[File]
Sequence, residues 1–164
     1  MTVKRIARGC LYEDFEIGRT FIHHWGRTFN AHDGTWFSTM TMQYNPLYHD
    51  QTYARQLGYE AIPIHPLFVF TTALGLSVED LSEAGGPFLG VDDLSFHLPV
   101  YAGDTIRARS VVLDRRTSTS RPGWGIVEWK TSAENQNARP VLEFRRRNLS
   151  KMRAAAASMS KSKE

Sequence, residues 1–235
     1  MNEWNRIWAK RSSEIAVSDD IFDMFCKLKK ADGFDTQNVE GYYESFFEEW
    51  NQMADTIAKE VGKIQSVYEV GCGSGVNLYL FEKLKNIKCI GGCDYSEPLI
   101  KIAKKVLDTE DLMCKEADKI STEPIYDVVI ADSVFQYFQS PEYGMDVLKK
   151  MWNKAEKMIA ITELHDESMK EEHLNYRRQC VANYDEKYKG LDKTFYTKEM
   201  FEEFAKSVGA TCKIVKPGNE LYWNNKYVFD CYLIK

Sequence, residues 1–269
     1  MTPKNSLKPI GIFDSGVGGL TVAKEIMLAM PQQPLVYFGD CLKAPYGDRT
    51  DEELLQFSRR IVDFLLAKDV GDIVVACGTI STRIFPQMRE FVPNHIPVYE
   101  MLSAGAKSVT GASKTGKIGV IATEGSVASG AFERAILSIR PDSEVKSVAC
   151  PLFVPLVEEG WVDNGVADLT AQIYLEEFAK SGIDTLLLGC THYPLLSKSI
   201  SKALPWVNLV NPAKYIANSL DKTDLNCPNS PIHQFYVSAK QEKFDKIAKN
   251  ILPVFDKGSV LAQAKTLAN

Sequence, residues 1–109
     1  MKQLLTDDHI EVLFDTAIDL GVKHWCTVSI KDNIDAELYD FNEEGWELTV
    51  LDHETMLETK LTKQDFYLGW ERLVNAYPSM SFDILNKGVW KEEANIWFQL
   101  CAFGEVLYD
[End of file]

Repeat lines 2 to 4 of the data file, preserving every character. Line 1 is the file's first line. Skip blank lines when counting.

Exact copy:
     1  MTVKRIARGC LYEDFEIGRT FIHHWGRTFN AHDGTWFSTM TMQYNPLYHD
    51  QTYARQLGYE AIPIHPLFVF TTALGLSVED LSEAGGPFLG VDDLSFHLPV
   101  YAGDTIRARS VVLDRRTSTS RPGWGIVEWK TSAENQNARP VLEFRRRNLS